What are athletes doing to protect themselves?
As an increasing number of athletes continue to be victimized by financial fraud, many athletes are taking measures to protect themselves. Specifically, we are seeing the following risk-mitigation steps:
- Establishing a formal relationship with a properly accredited financial advisor. Designations such as certified public accountant and certified financial planner signify that an advisor likely has the baseline education necessary, including required ethics training, to perform the advisor role. Some players’ associations have attempted to go a step further, instituting programs to identify qualified financial advisors and mandate that agents only recommend those advisors who have been formally approved.
- Periodically reviewing financial information. As we’ve already established, active athletes likely don’t have the time consistently to review their own financial information. But even infrequent reviews are proving to be effective; recently, a $30 million Ponzi-like scheme and unauthorized use of cash by a financial advisor came to light when an athlete discovered deductions from his own account.
- Requiring regular disclosures and performance updates from representatives and reviewing that data. Athletes who are requiring their representatives to provide regular, detailed updates about their financial performance increase the paper trail, the formality of their arrangement and their personal knowledge of their own investments.
- Signing a formal contract with any representative. Like any ongoing business relationship, a signed contract detailing the terms, conditions and scope of services establishes the requirements for both parties.
- Including rights to audit in any formal arrangement. For athletes who use financial managers, including a right to audit in their contract has proven to be a useful tool for a variety of reasons. First, it can enhance the ability to detect and detail any wrongdoing. Second, it potentially can prevent that wrongdoing in the first place by acting as a deterrent. And third, it provides an extra layer of comfort that there is accountability in the business relationship. Audit rights should be part not only of a formal manager relationship, but of every major investment an athlete makes.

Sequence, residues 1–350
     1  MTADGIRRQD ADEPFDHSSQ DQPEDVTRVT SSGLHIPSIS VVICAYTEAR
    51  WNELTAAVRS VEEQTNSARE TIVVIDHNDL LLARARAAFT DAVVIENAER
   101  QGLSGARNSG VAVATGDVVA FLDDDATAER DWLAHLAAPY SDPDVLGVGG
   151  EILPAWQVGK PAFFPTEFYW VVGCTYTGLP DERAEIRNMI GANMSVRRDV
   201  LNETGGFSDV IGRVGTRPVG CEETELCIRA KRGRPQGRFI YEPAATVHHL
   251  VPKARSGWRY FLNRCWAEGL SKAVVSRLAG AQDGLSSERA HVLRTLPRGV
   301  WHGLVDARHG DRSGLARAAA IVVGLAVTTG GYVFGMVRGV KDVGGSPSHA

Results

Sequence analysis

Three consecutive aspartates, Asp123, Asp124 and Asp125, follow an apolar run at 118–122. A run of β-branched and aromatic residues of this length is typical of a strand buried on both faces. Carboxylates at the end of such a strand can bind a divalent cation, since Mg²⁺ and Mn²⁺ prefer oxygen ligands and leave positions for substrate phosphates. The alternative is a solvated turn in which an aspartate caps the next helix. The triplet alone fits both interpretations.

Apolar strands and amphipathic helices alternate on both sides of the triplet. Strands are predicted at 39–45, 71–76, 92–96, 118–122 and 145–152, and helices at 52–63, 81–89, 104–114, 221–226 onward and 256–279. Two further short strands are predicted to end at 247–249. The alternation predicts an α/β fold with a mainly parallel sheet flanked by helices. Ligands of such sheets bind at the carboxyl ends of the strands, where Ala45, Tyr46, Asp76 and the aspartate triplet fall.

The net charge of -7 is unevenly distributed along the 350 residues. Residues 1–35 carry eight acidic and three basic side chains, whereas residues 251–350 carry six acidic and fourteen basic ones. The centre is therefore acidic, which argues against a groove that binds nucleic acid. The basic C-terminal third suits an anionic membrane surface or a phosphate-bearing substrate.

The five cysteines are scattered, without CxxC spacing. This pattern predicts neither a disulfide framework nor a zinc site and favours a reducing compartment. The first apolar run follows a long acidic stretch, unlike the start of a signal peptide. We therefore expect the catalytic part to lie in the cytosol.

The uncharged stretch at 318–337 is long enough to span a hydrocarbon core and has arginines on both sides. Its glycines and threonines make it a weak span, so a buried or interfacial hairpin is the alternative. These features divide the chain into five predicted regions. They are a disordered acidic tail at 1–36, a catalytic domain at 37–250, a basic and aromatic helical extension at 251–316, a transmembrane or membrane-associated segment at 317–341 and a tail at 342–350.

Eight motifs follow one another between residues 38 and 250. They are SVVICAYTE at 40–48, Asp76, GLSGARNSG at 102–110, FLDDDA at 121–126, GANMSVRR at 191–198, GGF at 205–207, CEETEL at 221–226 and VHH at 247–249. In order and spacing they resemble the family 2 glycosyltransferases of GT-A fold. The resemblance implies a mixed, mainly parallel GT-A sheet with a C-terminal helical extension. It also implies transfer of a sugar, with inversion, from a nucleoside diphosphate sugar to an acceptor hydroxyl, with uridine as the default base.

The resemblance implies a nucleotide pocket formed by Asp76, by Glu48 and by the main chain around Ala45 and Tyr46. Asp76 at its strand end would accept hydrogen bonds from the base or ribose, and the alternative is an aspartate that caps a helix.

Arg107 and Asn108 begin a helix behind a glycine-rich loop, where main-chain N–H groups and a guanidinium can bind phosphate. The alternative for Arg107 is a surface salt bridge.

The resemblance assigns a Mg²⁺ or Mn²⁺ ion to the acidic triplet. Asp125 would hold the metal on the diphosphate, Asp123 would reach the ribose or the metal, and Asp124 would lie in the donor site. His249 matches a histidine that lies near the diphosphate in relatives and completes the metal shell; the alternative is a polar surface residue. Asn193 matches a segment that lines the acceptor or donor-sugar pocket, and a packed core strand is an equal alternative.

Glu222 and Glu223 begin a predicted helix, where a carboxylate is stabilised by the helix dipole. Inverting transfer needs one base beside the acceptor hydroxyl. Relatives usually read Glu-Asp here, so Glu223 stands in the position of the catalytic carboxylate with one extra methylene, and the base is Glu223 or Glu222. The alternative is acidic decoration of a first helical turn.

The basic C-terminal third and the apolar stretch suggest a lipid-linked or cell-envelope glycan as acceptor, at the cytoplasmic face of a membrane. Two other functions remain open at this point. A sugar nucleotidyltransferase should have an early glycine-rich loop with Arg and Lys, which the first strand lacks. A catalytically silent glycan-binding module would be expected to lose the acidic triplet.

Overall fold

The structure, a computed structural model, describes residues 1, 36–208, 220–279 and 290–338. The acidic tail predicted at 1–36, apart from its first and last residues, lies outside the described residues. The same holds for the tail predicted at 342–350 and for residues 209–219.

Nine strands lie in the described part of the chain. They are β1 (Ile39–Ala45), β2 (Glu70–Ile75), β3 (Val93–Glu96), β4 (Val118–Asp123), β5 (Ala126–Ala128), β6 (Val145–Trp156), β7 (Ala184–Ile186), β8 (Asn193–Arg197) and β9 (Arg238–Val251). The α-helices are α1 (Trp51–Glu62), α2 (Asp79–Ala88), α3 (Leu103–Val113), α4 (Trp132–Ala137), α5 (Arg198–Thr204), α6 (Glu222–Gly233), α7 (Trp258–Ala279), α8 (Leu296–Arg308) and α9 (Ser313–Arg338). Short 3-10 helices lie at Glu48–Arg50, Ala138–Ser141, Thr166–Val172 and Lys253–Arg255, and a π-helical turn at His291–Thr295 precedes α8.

What can athletes do to prevent potential fraud?
First and foremost, athletes should hire reputable, vetted external parties rather than smaller-sized, inexperienced advisors to manage their finances. These parties should be recommended by objective, third-party sources. Some financial professionals will promote their ability to increase financial returns, but a good financial professional will be adept at both wealth accumulation and wealth preservation.
Before entering into any type of professional relationship, an athlete should consider a host of risk areas because individuals often will make many claims or provide credentials that may not be entirely truthful. A critical step an athlete can take to lower their risk is to conduct due diligence on their financial representatives or potential investments in advance. Due diligence may include:
- Background investigations
- Conflict-of-interest checks
- Analysis of relevant documents
- Audit or review of financial reports
- Reference checks
- Investment strategy (and history of success)
- Training and education
- Reputation among others in the industry and other professionals who have worked with them
In all cases, it is wise to use experienced, reputable, independent third parties to perform these due diligence steps.
What can athletes do to detect potential fraud?
As noted, the known number of athletes affected by financial fraud has continued to increase. For athletes who suspect but have not yet discovered fraud, there are a number of ways that fraud, waste, abuse or negligence potentially can be uncovered, including:
- Auditing financial records
- Conducting a formal fraud investigation
- Calculating and comparing royalty and licensing fees received with amounts required per contracts
- Assessing if actions of financial representatives comply with their contracts
- Extracting and analyzing emails and other electronic information for review
Sports is a unique business. Unlike other professions, athletes reach their earnings peak more quickly, and while their average career earnings are substantial, the average career length is not. As a result, issues of fraud often come to light once athletes are retired and the steady flow of income has decreased. Given the significant amount of money in sports, the unfortunate reality is that there may be fraud occurring that will continue to be undetected for the foreseeable future and, ultimately, contribute to the steady increase of athlete victims for many years to come. With diligence, regulation, increased monitoring and more responsibility shown by financial professionals, there is hope that these trends can be reversed.